• Not golden, hard working and want lots of bang for my buck – I find other sites give me better value. My opinion, but as I often say what works for one owner and their home will not work for another. I think the best option for those starting out is to pretend they are trying to rent a home where there’s is located Go on search engines, try and see how good it is to use, do homes near you come up and then try a listing. Some sites will take your money and list you, some will have a restricted number so you have to go on a waiting list. Others will let you try before you buy. Make sure your listing is attractive and accurate. Set a budget and if a site does not work for you then kick it in to touch. There will be other sites that will work for you or have a unique feature. I have dropped 2 sites this week that are no longer performing – and remember past performance is no guarantee – sites that have worked for me in the past have not updated or kept up with changes in how people access information. They no longer drive traffic to me. Also remember that guests expect a personal web site with lots more information than a listing site can give or they may be put off renting. Lots of stories about homes just on listing sites being fake – and all of us know how we could make a fake listing up by trawling other homes. If Homeaway works for you then great, but I would never rely on a one stop shop for my home – so I consider it important that I list on various sites that target different markets. While it might be a great intro it is not the be all and to think that it solves all your problems is foolish – again we come back to your original question – what if Homeaway disappeared tomorrow – without alternatives you would be back to square one.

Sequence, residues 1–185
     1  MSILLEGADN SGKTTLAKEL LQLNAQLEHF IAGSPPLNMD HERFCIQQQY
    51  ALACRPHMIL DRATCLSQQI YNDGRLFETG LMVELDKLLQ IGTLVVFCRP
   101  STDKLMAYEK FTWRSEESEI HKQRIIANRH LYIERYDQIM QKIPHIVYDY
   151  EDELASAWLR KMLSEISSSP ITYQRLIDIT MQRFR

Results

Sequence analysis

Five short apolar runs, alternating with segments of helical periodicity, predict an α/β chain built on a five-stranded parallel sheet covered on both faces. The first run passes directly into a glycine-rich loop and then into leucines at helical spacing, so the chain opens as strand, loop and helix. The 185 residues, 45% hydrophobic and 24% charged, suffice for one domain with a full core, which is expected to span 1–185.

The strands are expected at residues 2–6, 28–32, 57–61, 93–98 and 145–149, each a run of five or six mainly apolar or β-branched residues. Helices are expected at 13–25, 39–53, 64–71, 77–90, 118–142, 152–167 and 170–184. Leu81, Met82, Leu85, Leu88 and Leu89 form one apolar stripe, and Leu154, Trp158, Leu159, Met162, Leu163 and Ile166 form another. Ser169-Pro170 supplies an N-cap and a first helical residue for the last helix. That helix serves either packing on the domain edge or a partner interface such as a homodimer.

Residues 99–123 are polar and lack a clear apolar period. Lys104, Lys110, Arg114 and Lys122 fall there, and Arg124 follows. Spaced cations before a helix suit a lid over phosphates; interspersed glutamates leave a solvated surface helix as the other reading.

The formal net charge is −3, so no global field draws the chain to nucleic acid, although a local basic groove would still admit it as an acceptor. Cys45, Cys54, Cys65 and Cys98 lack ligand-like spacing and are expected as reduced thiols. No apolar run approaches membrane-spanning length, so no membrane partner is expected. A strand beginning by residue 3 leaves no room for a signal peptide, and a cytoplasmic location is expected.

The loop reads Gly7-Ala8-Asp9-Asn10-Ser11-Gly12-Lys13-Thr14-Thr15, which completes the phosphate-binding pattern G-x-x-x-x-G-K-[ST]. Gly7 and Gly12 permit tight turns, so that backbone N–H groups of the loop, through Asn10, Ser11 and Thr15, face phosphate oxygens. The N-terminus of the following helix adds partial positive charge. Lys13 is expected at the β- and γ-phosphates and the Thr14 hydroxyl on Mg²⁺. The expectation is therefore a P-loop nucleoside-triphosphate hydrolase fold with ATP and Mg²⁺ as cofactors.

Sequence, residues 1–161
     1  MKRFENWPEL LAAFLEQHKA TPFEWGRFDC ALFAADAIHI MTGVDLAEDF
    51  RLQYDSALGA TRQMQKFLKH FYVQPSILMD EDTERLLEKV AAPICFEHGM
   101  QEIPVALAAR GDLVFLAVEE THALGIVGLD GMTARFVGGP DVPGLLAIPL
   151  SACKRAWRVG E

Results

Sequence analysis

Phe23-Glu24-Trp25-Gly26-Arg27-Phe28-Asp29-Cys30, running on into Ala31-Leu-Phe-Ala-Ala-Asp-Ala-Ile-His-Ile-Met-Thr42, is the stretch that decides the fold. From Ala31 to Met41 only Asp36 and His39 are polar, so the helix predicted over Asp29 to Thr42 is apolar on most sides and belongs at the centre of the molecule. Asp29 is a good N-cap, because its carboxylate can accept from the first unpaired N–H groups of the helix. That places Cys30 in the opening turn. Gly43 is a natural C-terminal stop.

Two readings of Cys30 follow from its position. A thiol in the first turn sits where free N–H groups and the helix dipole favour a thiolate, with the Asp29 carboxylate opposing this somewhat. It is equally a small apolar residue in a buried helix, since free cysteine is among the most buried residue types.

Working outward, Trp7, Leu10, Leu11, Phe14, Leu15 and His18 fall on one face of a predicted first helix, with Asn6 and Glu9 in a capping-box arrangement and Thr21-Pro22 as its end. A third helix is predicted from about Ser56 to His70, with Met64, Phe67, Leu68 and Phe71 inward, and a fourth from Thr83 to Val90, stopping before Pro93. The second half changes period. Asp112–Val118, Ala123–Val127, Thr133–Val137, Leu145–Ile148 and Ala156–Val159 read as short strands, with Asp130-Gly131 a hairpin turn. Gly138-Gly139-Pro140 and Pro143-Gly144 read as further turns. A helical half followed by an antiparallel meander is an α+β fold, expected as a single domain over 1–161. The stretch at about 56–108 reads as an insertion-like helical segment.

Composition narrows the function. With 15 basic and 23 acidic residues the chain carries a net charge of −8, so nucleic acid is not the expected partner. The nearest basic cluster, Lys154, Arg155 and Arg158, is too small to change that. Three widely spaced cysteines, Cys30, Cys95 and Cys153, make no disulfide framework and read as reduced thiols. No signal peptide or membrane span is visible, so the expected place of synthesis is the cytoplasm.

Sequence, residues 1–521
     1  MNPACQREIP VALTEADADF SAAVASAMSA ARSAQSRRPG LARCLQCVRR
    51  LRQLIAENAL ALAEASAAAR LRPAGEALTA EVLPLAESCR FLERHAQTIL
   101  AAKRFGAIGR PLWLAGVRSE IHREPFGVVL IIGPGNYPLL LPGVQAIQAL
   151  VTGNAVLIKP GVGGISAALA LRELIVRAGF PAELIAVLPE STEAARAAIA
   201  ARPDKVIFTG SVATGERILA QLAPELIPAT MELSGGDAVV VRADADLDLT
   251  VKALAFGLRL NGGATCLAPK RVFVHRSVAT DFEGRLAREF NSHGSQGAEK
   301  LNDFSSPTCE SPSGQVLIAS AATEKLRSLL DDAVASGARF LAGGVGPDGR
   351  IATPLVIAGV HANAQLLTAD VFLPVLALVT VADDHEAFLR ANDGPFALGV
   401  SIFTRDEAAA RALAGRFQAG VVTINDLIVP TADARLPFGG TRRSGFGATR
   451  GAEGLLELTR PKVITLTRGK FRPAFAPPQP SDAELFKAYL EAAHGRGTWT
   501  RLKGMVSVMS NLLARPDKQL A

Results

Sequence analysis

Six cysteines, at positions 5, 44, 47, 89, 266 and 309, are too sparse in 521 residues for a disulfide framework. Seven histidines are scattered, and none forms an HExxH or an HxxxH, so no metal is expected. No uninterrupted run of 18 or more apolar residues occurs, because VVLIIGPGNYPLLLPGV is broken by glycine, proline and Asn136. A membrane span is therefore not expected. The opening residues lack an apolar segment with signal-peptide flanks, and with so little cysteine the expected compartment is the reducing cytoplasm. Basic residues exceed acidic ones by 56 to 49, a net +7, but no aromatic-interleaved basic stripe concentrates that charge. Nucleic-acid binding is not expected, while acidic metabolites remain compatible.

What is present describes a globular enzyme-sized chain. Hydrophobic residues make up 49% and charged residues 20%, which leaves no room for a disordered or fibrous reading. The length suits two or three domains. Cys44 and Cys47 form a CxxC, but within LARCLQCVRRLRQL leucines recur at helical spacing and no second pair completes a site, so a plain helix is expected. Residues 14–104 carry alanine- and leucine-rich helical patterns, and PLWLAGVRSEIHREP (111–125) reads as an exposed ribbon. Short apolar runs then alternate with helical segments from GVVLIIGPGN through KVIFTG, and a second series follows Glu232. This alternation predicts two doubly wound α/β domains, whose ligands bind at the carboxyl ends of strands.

• Coaster Ricas

        Thanks for that perspective, Matt. If I may go a step further:

        I compare aggregate rental websites to the airlines. Do I wish their personal touch was better? Yes. Do I wish their prices were lower? Yes. Do I wish “things were like they used to be”? Of course. The fact remains that I can get into a machine that takes me from one side of the planet to the other in ~12 hours at “supersonic” speed, in the air,
        sitting in relative comfort. I can fly (a literal miracle) from my home in CostaRica to my mother in North Carolina in a total of four hours, sometimes for under $500. I frequently drive four hours without stopping for food or drink, so why do I care if Delta gives me a sandwich when I am defying gravity?

        HA and TA have higher prices than the old days. So do the airlines. So does my villa. Their agents are not very sensitive when I call them, but that happens (maybe) once a year. They are conglomerates, but they are essential in my getting the result I want . . . just like Delta. Lesser alternatives exist, it’s true, just as I could DRIVE from CR to NC, but that is neither efficient nor practical. There is nothing cryptic in what they do. They
        are clear in what they offer for the price I pay, and I generally receive that. And without hidden luggage fees.

        I pay HA & TA about $1600 a year. While I understand that others are less, I gross that amount in three and a half nights in my villa, and I have 121 rented nights so far in 2014. Most would agree that’s a pretty good result.

        I complain as much as anyone when it’s time to pay HA or when I have a problem. But when I survey the situation in its entirety, I am pretty thankful they exist.

        I’m just sayin’ . . . .

        • I own properties in Buenos Aires, London, Brussels (Belgium) and South of France. Homeaway and VRBO were quite efficient but since April we noticed a decrease of inquiries. Most probably airbnb is now bringing the all market down especially for luxury properties. Not sure that VRBO and Homeaway will survive. We have now starting to develop our own website whitehousevacationrentals.com, a facebook page and a youtube channel but it is a hell of a job to get those known. Hard time.

    • tokillamockingbirdfromtexas